On Monday, the U.S. Environmental Protection Agency (EPA) unveiled an historic proposal to cut carbon dioxide emissions from the nation's power plants to 30% below 2005 levels by 2030. The ambitious and flexible proposed regulations would see each state develop it's own plan to cut power sector carbon emissions using a variety of options, from improving power plant efficiency or capturing CO2 at smokestacks to "beyond the fence" measures to increase the use of clean energy, improve end-use energy efficiency, or even join or create interstate markets for carbon trading.

All week, experts at TheEnergyCollective.com have been reacting to and dissecting the EPA's new regulations. Today, I moderated a live videocast with Energy Collective experts and featured columnists Geoff Styles, Matthew Stepp (of The Capitol Energy Report) and John Miller (of Energy and Policy Developments). (Jim Pierobon of Game Changers also joined briefly but was disconnected due to technical difficulties).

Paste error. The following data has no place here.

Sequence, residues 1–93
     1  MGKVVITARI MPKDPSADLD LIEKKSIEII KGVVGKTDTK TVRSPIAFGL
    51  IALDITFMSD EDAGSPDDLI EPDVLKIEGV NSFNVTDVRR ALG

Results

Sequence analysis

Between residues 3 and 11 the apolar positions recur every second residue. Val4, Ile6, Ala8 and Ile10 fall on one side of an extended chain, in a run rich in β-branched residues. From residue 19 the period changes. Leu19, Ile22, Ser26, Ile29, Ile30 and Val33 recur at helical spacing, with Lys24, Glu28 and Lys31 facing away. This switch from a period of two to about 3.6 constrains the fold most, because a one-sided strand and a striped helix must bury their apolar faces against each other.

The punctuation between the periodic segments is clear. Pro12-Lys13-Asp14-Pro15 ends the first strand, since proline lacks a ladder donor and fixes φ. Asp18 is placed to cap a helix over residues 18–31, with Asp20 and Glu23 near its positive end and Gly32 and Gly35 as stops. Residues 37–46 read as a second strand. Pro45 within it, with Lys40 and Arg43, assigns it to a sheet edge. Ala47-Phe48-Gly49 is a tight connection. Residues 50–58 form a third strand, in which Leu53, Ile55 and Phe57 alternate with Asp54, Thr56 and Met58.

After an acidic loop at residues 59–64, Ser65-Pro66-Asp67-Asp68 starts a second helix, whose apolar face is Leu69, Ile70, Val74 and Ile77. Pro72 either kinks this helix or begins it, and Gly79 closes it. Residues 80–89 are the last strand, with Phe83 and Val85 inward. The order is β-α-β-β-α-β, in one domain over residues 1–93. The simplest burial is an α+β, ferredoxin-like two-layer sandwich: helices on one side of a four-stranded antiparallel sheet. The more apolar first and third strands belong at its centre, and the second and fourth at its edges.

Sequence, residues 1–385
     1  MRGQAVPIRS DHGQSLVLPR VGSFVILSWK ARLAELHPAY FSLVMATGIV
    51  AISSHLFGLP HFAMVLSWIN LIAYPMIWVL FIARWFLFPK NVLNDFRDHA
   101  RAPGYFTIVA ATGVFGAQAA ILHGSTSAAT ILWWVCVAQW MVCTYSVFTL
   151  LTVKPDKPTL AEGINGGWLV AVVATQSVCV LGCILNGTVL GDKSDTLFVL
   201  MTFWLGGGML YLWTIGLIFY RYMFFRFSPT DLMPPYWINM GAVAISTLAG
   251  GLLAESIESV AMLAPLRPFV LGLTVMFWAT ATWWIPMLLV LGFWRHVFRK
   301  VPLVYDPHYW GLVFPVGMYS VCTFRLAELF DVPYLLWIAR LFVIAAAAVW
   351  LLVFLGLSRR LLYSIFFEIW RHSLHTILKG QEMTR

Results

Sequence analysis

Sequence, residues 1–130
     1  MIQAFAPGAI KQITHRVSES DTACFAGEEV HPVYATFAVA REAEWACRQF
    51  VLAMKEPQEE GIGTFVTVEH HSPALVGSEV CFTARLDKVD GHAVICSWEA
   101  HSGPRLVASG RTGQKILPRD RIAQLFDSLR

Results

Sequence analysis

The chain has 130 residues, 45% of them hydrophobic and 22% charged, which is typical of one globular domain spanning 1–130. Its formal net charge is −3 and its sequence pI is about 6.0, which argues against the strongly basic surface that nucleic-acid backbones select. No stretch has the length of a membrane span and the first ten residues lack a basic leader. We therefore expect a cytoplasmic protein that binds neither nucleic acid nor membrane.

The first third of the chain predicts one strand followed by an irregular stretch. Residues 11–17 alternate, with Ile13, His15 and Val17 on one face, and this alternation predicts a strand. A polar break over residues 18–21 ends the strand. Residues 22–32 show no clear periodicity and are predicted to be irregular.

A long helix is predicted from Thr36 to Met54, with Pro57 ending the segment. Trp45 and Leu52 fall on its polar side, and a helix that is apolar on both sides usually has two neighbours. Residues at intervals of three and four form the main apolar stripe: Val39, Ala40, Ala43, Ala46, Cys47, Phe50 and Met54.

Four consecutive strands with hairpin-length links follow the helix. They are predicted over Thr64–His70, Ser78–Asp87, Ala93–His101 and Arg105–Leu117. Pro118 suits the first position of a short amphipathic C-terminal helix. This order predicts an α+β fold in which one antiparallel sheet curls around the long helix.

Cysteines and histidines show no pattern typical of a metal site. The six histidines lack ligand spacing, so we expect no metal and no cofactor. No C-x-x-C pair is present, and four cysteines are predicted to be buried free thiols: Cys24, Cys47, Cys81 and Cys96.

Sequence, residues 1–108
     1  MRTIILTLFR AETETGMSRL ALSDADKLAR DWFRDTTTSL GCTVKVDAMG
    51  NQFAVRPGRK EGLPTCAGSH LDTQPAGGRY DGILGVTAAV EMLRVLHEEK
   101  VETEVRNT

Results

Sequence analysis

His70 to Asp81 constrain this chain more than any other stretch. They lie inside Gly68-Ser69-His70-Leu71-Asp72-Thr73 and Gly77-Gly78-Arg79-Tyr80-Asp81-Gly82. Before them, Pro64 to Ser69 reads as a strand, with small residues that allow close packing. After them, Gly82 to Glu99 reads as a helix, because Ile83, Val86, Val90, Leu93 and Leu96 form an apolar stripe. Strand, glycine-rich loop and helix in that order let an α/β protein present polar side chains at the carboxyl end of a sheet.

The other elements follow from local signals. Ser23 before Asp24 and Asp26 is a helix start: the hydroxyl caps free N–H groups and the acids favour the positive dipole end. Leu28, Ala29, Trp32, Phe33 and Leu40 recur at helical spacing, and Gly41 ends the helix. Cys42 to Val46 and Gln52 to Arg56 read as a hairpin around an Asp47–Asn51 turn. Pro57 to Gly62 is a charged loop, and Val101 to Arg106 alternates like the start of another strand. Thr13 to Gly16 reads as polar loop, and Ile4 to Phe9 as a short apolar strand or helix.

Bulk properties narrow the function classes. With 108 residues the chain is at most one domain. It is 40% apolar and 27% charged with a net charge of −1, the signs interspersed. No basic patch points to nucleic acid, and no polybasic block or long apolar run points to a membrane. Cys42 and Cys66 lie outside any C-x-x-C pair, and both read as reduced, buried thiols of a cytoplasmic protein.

We covered the hot topics and key questions that have surfaced about EPA regulations:

  • How does EPA establish CO2 reduction targets for each state?
  • What options do states have to comply with the EPA CO2 targets?
  • What legal challenges will the proposed rule face?
  • What impacts will the regulations have on the U.S. energy mix?
  • How might the new EPA regulations affect international negotiations over climate change?
  • Will the EPA rules drive new energy innovation?

Watch the video above and continue the discussion below in the comments or on Google Plus here.

Here's a roundup of reactions and analysis on the EPA carbon regulations from TheEnergyCollective.com's expert contributors:

Stay tuned for more expert analysis from TheEnergyCollective.com...